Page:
17.03.2018 - Press release on summoning UK Ambassador to Russia Laurie Bristow to the Russian Foreign Ministry

On March 17, UK Ambassador to Russia Laurie Bristow was summoned to the Foreign Ministry, where he was handed a note stating that in response to the provocative actions of the British side and groundless accusations against the Russian Federation with regard to the incident in Salisbury, UK on March 4, 2018, the Russian side has taken the following decisions in response. Twenty-three diplomatic staff of the UK Embassy in Moscow are declared persona non grata and are to be expelled from Russia within a week. Taking into account the disparity in the number of the two countries’ consular missions, the Russian Federation recalls its agreement on the opening and operation of the Consulate General of the United Kingdom in St Petersburg. Respective procedures will be followed in accordance with international legal practice. Due to the unregulated status of the British Council in the Russian Federation, its activities are terminated. The British side is warned that in case of further unfriendly actions against Russia, the Russian side reserves the right to take further retaliatory measures.

16.03.2018 - Statement by the Foreign Ministry

The decision by the Ukrainian authorities, released on March 16, 2018, not to allow citizens of the Russian Federation to the Embassy and general consulates of Russia on the day of the election of the President of the Russian Federation causes nothing but indignation. Such actions are unprecedented and do not fit into generally accepted ideas about civilised countries. The above steps contradict not only the Vienna Conventions on diplomatic and consular relations, but also international human rights standards, in particular, the provisions of the 1950 Convention for the Protection of Human Rights and Fundamental Freedoms.

14.03.2018 - Embassy Press Secretary comments on the death of Russian citizen Nikolay Glushkov and the poisoning of Sergei and Yulia Skripal

Q: Can you comment on the mysterious death of the Russian citizen Nikolay Glushkov in London? A: Regretfully, the Embassy has received no information whatsoever regarding the circumstances of the death of Mr Glushkov. The investigation is not transparent, the British side appears not inclined to cooperate. This can only cause regret. Today the Embassy made an official request to provide all the information in possession of the British side regarding this Russian citizen whose death, as you said, appears mysterious. Overall, we are surprised with UK authorities’ reluctance and unwillingness to provide us with full details of both the poisoning of Russians Sergei and Yulia Skripal and the death of Nikolay Glushkov.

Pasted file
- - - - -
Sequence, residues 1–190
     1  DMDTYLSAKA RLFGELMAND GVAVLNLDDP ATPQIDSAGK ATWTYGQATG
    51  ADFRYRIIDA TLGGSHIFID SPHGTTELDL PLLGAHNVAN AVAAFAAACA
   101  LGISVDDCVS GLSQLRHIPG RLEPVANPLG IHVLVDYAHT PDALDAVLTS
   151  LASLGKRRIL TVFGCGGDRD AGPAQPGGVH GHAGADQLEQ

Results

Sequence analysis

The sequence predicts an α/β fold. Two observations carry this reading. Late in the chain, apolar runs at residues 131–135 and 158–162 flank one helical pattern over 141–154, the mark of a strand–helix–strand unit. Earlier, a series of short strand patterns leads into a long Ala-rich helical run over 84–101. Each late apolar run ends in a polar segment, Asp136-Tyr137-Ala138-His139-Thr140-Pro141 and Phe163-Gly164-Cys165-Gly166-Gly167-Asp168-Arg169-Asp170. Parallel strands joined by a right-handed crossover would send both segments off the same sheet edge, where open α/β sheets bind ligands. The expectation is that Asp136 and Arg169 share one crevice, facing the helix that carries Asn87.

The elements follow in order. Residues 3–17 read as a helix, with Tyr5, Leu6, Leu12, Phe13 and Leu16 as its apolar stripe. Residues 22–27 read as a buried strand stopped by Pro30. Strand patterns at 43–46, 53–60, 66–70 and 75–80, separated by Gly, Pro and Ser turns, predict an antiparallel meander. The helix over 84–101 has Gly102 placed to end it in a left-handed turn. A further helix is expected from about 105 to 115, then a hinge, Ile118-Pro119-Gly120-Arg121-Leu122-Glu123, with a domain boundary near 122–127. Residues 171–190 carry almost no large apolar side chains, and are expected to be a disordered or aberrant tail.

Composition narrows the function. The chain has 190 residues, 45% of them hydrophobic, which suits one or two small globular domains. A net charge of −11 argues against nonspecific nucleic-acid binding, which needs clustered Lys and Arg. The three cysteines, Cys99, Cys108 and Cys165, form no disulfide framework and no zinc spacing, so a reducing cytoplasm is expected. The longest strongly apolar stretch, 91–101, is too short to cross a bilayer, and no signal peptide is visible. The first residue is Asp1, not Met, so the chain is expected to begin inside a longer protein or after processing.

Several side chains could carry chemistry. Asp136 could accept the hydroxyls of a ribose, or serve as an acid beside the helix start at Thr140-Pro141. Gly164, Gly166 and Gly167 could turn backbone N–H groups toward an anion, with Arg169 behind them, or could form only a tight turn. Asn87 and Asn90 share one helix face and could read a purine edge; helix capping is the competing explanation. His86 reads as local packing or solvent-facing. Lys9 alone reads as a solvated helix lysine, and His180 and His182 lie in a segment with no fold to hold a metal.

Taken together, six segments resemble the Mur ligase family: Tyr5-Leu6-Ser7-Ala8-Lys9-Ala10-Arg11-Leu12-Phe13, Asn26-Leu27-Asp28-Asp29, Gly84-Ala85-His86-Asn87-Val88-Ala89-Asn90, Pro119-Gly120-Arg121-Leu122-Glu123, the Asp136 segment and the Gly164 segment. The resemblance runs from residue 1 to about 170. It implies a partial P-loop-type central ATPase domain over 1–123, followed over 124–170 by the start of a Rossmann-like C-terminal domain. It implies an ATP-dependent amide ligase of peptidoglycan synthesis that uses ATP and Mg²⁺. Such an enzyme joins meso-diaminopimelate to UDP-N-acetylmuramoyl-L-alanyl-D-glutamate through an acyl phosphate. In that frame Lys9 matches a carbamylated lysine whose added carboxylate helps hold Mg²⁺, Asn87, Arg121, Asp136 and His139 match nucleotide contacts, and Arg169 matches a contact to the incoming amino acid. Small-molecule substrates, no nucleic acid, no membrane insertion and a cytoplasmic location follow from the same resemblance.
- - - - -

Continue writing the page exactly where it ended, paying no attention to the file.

14.03.2018 - Statement by the Foreign Ministry

The March 14 statement made by British Prime Minister Theresa May in Parliament on measures to “punish” Russia, under the false pretext of its alleged involvement in the poisoning of Sergey Skripal and his daughter, constitutes an unprecedented, flagrant provocation that undermines the foundations of normal dialogue between our countries.

14.03.2018 - Comment by the Information and Press Department on US threats to launch military strikes at Syria

During the discussion of Resolution 2401 on the ceasefire and the humanitarian pause in Syria in the UN Security Council on March 12, US Ambassador to the United Nations Nikki Haley implied that the US might launch military strikes at Syria similar to last April when such actions were based on unfounded unilateral US accusations of the use of chemical weapons by the Syrian Government. Russia and Syria were also accused of violating the ceasefire and causing the suffering of civilians, primarily in East Ghouta.

14.03.2018 - Statement of the Russian Embassy

On 14 of March Russian Ambassador Alexander Yakovenko was summoned to the Foreign and Commonwealth Office where he was informed that 23 diplomats were declared personae non gratae. We consider this hostile action as totally unacceptable, unjustified and shortsighted. All the responsibility for the deterioration of the Russia-UK relationship lies with the current political leadership of Britain.

13.03.2018 - Statement by Permanent Representative of the Russian Federation to the OPCW, Ambassador Alexander Shulgin, at the 87th session of the OPCW Executive Council on the chemical incident in Salisbury, The Hague, March 13, 2018

Mr Chairperson, In connection with the vicious attacks launched by British officials in London, as well as the statement by the head of the British delegation to the OPCW with regard to Russia concerning the suspicious story of two persons poisoned with a toxic agent in Salisbury, we would like to state the following. The British authorities’ unfounded accusations of Russia’s alleged involvement in using poisonous agents on their territory are absolutely unacceptable. Our British colleagues should recall that Russia and the United Kingdom are members of the OPCW which is one of the most successful and effective disarmament and non-proliferation mechanisms. We call upon them to abandon the language of ultimatums and threats and return to the legal framework of the chemical convention, which makes it possible to resolve this kind of situation.